Many people will tell you that the Le Mans 24 Hours is one of the most exiting and engaging races of the year.

It's understandable why. Twenty-four hours of flat-out racing, a vibrant atmosphere, myriad teams and a variety of different cars. It's also the world's oldest active endurance race, with it having been held annually since 1923.

Like many, however, I'd never been to Le Mans, despite its allure and historic status. So, when Aston Martin offered for me to join them for the weekend at the 2013 Le Mans 24 Hours, I couldn't really think of enough ways to say yes.

Besides seeing the historic race in all its glory, it would also mean that I would get to drive an Aston Martin - a DB9 in particular - for the first time. This was not an opportunity to pass up.

Our journey was to be a relatively simple one. We'd leave from Autocar's office in Teddington at about 4.30AM, cruise down to the channel tunnel, then make our way to Le Mans. Near the track we'd detour to La Chartre-sur-le-Loir, to meet the Aston Martin Owners' Club for lunch.

Stan Papior, Autocar's chief photographer, would be joining me for the trip and providing some welcome company for the drive down. The DB9, which transpired to be a 'Volante' convertible version, arrived at Autocar on Thursday, prior to our departure.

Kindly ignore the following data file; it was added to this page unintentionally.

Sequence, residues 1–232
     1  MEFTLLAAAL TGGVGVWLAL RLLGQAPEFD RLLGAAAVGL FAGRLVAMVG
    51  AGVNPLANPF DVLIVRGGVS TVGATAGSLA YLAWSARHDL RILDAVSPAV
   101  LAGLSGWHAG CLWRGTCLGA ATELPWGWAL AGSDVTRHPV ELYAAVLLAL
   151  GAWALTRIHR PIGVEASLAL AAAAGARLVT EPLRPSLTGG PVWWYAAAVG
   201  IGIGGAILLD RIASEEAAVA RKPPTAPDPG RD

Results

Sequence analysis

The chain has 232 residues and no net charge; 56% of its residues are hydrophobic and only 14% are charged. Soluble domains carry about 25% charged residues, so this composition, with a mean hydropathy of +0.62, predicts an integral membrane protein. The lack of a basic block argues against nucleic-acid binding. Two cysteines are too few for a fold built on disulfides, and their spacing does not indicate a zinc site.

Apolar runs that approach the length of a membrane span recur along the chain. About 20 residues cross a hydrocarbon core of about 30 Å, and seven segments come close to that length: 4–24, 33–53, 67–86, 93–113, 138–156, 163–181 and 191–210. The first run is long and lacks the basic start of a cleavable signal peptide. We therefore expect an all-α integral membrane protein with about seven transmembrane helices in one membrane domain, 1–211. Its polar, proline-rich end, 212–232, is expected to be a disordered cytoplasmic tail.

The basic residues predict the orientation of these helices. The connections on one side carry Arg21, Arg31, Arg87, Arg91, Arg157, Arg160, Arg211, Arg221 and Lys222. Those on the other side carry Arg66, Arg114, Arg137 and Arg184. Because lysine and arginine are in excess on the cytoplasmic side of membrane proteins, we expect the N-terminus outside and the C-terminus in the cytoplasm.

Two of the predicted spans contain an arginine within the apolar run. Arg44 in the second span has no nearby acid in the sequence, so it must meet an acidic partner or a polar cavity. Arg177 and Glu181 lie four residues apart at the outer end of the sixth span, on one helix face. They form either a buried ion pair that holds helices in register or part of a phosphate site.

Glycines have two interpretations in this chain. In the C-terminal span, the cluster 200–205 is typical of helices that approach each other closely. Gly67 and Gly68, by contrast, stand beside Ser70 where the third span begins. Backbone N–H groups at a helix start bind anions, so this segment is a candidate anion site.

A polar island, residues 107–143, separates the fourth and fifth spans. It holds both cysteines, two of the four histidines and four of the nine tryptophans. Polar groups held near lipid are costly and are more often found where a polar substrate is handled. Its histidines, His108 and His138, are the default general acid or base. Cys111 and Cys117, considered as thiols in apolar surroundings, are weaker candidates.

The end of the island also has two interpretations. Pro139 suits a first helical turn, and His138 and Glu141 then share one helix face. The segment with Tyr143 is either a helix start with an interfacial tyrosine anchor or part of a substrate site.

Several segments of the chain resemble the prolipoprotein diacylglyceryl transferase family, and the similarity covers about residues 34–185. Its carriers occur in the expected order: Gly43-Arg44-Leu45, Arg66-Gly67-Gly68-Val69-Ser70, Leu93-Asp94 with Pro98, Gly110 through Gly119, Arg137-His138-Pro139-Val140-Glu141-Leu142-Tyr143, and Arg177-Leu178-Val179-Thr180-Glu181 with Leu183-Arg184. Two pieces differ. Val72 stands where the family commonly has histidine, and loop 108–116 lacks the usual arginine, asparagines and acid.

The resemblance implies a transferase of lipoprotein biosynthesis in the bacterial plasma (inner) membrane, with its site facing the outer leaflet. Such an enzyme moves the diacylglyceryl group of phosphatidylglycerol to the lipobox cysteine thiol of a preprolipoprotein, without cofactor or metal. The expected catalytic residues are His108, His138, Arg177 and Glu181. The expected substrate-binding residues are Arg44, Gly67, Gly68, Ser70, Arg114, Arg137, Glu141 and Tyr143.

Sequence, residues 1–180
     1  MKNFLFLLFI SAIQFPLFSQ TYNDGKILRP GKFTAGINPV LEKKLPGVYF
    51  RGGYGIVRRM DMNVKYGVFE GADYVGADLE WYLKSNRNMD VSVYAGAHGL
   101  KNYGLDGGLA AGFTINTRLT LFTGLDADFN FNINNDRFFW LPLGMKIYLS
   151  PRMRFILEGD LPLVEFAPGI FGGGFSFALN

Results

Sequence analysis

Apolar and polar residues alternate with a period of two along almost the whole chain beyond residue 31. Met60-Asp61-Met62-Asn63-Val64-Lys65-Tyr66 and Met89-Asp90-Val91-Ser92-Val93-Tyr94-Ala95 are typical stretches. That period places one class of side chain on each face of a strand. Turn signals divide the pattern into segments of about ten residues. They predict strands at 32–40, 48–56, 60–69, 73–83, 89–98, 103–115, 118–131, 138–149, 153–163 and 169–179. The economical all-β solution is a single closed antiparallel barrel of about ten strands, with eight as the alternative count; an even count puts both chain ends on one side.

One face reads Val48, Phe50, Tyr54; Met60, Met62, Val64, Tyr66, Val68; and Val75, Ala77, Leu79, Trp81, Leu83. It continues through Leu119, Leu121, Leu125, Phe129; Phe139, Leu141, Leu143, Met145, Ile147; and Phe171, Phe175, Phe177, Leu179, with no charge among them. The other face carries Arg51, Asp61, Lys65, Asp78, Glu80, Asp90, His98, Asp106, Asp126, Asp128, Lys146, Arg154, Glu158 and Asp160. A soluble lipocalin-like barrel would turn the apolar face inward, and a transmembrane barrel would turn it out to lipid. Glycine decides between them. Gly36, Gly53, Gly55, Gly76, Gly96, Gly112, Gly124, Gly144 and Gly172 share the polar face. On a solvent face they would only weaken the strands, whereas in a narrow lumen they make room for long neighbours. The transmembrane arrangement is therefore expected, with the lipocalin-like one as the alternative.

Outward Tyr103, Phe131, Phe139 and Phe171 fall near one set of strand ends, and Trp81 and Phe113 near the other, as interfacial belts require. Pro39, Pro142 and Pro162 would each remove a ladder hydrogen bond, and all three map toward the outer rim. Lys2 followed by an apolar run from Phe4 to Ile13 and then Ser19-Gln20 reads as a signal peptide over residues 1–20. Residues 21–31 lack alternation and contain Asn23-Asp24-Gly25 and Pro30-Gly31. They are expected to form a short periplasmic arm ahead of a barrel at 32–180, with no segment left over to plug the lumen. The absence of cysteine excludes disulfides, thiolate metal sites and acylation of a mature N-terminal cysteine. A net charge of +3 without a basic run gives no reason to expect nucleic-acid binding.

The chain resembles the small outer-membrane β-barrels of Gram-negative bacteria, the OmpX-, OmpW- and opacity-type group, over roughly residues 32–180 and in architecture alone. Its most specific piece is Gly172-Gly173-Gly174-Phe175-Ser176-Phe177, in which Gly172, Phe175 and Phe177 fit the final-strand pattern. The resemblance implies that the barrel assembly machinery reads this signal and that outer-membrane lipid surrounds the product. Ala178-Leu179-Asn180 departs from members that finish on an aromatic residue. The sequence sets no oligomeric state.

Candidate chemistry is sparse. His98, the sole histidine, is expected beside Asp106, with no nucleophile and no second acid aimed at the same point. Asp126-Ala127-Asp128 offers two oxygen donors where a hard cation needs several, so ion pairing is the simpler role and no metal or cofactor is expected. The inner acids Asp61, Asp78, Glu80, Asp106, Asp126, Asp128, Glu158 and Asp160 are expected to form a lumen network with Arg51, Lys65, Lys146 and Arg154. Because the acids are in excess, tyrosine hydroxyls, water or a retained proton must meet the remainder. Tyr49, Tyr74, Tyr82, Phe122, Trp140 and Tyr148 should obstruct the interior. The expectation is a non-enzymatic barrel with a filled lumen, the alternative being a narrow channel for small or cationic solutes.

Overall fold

On Friday, at 3.30AM, my alarm sounded. I grabbed my gear and headed down to the car, slightly tentative about its luggage capacity. I had heard that the DB9 was not particularly practical, and the Volante variant even less so, but I only had a relatively small case and my satchel to take with me.

When I opened the boot, however, I found that my travel case barely fitted. Even then, it only just about squeezed in if I removed the wind deflector. That found a new home on the rear seats, along with my satchel. On meeting Stan at the office, however, my heart sunk a little when I saw he had several cases, most of which was camera gear.

Still, somehow, with some careful consideration we managed to pack everything in to the DB9. The majority of it ended up stacked on the rear seats, while the wind deflector was carefully stored under my desk in the office. The crisis was averted but I was still surprised how little storage space was on offer.

With the sat-nav set for Folkstone, I fired up the Aston's all-aluminium 5.9-litre V12. Besides its smoothness and relative silence at low speeds, what initially struck me about the DB9 was how easy it was to drive. No snatching, no overly aggressive responses to control inputs and a ride that wasn't overly firm; these were all prime features of the ideal long-range GT.

A quick hop across - well, under - the channel on the Eurotunnel saw us hit French soil at about 7AM. The sat-nav suggested that we had about 280 miles to cover to our destination. Unfortunately, however, it seemed keen to send us down side roads and through towns, rather than sticking to the faster and clearer autoroutes.

It quickly became so immensely frustrating, partly due to its clunky interface, that we ditched it wholesale and used the navigation function on my smartphone instead. Not quite what you expect from a £142,000 car.

Elsewhere, however, the Aston continued to impress. It made light work of the autoroutes, and remained relatively refined at speed - although on some surfaces there was a notable amount of tyre noise. We left the top up for the duration, because heavy, grey clouds loomed suspiciously above us.